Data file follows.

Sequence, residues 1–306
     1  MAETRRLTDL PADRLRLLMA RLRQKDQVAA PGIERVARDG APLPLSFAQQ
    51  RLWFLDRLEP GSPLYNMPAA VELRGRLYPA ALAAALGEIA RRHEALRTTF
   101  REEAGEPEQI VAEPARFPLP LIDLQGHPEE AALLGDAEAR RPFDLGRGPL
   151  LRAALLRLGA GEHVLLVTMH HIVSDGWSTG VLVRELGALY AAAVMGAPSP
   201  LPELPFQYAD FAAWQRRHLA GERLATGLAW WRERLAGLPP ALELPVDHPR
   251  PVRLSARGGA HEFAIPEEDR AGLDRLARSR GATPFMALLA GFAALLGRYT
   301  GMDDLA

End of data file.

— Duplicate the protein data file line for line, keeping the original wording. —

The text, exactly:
Sequence, residues 1–306
     1  MAETRRLTDL PADRLRLLMA RLRQKDQVAA PGIERVARDG APLPLSFAQQ
    51  RLWFLDRLEP GSPLYNMPAA VELRGRLYPA ALAAALGEIA RRHEALRTTF
   101  REEAGEPEQI VAEPARFPLP LIDLQGHPEE AALLGDAEAR RPFDLGRGPL
   151  LRAALLRLGA GEHVLLVTMH HIVSDGWSTG VLVRELGALY AAAVMGAPSP
   201  LPELPFQYAD FAAWQRRHLA GERLATGLAW WRERLAGLPP ALELPVDHPR
   251  PVRLSARGGA HEFAIPEEDR AGLDRLARSR GATPFMALLA GFAALLGRYT
   301  GMDDLA